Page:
Can France Really Welcome All the World’s Poor?

“We can’t welcome all the misery of the world but we must take our share.” This is a maxim whose popularity speaks volumes about our apprehension over poverty and immigration.

This seemingly benevolent vocabulary, however, limits debate. It insists that generous people will welcome more demands on the taxpayer’s pocketbooks. The immigrant must be welcomed, they are told. The natives have an obligation of care, which means more and more subsidies in a country where they are also being told to tighten their belts.

But forced solidarity with all of humanity breeds resentment, and supporters of this view forget that solidarity with others flourishes only in the context of elective affinities. That is why the Austrian economist Friedrich Hayek said that, while he was an internationalist in theory, socialism was driving him to become a nationalist in practice.

The “State medical assistance,” mainly directed at illegal aliens, is indicative of this trend. Although the total cost does not exceed 1% of the budget of the State, it serves to increase frustration with migrants and the state’s profligacy.

Indeed, an abundant academic literature suggests the existence of a causality between the generosity of social systems and the mistrust of natives toward immigrants. It is therefore not surprising to see the emergence of a movement toward solidarity among natives. Government-imposed charity only works with benefactors who identify with its beneficiaries.

Blaming Europeans for Poverty in the Developing World

Altruistic moralizing is therefore the best way to arouse feelings of bitterness among locals. It leads to assimilate foreigners to a horde of parasites whose fate will be to live off the sweat of the “host” society. The exasperation is all the greater as the injunction made to the Europeans to sacrifice themselves is accompanied by a supposed guilt for the poverty of the third world. The setbacks of Africans continue to be blamed on the colonial past and the opulence of the West. The descendants of settlers are called to account for acts they did not commit. Conversely, the responsibility of the African political elite is ignored while their corruption is the main obstacle to the development of the continent.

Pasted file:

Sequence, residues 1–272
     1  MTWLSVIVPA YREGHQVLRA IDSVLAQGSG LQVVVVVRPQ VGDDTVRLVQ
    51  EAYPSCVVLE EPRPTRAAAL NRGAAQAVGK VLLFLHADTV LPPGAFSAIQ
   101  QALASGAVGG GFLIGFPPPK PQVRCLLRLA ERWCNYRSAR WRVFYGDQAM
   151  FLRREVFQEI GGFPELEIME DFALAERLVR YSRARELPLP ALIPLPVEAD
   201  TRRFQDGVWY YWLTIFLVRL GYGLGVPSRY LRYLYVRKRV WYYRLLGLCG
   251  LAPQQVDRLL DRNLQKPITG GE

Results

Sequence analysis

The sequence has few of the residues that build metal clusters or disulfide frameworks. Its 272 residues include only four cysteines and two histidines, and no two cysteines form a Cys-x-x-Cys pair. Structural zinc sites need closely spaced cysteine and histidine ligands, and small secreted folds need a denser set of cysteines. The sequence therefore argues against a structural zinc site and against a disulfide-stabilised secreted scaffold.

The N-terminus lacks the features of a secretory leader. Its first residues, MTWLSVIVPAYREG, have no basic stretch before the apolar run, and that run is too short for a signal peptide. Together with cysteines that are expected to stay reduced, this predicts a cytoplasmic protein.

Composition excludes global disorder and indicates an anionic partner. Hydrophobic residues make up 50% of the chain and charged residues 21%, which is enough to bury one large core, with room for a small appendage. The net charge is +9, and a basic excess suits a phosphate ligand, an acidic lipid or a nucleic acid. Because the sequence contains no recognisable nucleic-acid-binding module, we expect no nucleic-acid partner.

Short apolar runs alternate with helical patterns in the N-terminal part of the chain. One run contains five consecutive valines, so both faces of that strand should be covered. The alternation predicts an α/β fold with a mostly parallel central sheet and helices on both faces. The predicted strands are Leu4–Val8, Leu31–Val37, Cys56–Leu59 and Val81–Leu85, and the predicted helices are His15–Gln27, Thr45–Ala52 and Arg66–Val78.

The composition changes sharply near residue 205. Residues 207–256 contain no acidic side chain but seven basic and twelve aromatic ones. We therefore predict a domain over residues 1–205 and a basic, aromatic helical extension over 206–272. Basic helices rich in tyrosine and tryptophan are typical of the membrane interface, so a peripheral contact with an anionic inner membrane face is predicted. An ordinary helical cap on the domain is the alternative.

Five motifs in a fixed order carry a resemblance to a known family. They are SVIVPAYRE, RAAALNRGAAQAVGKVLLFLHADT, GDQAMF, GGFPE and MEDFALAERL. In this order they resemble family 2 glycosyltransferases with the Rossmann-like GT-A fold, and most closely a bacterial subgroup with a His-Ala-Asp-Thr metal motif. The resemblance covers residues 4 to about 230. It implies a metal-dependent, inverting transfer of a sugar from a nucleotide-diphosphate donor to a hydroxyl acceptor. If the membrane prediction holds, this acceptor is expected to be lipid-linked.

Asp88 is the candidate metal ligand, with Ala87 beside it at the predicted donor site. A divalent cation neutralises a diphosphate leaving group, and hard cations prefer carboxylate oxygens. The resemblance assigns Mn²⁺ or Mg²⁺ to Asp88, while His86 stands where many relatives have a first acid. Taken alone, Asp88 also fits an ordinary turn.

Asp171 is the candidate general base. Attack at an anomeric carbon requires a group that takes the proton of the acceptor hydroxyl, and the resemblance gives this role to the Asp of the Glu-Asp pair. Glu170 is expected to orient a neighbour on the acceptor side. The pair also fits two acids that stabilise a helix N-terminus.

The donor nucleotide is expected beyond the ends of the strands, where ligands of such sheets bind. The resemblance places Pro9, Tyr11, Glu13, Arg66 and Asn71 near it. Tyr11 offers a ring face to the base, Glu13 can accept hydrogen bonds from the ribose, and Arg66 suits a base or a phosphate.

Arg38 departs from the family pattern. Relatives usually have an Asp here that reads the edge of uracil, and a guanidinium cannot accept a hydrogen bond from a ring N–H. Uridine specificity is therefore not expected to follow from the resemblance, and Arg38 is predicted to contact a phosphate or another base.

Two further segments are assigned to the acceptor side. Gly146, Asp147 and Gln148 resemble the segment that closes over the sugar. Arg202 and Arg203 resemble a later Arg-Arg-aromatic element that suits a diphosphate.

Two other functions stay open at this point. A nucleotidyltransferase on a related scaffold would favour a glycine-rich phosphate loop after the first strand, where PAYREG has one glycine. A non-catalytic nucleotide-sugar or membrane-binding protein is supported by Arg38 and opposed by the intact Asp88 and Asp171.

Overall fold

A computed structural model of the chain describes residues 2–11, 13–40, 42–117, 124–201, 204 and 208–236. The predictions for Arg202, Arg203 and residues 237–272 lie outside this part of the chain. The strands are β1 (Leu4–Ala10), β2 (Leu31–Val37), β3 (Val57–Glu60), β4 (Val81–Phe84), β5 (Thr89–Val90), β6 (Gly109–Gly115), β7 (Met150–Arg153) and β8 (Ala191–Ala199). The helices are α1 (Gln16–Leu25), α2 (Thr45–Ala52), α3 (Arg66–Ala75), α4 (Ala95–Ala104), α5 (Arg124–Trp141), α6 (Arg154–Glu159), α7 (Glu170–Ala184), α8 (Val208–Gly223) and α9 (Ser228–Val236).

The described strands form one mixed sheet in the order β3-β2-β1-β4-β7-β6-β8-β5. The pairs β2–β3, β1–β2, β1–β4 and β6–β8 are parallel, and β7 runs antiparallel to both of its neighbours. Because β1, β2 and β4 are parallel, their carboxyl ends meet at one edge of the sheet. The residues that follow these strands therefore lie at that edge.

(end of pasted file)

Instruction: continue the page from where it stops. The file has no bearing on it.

You do not have to be an expert in development economics to see the absence of a correlation between the colonial past, poverty, and prosperity. In the 1960s, the per capita GDP of South Korea and that of most countries in sub-Saharan Africa were comparable. But in this case, only Korea has established stable institutions that are compatible with the development of a market economy. Similarly, some of the most prosperous places in the world include former colonies such as Hong Kong and Singapore, whose wealth sometimes surpasses that of the former European colonial powers. These successes, however, are ignored by Third Worlders. They contravene the victimization story to which the former colonies are assigned. They also deny the myth of the Western monopoly of opulence that feeds post-colonial resentment, itself tinged with anti-capitalism.

In spite of the assignment to misery and dependence, there is the promise of development through trade. This path is nevertheless ignored by the political class, for whom the salvation of foreign populations resides in assistance. On the external scene, despite its failures, development aid remains the only horizon of the fight against poverty in the South.

Even African leaders no longer adhere to these solutions, as evidenced by their proposed free trade area. 44 of the 55 member states of the African Union signed an agreement in Kigali on 21 March 2018, to reduce the barriers to trade on the continent.

Limiting the Ability to Work

Western states — including France and Italy — who make the mistake of “welcoming” refugees by denying them the right to work and trade could therefore be inspired by this philosophy. They would promote their social integration, ease the pressure on public finances and abolish the logic of paternalistic repentance that tarnishes the image of these populations whose thirst for entrepreneurship is yet unmatched. Refugees are indeed the first to apply the famous slogan “Trade, not help!” As long as they are allowed to work.

The work of Alexander Betts and Paul Collier, economists at Oxford University, for example, show that refugees prefer to flee UN-run shelters to work in the informal economy as soon as opportunity presents itself in the countries where they are hosted. When they are allowed to work, as in Uganda, they open businesses and employ indigenous people. It is therefore only up to Europeans to reveal the richness concealed by the apparent misfortune of these industrious populations.

This article originally appeared in French at Le Figaro.

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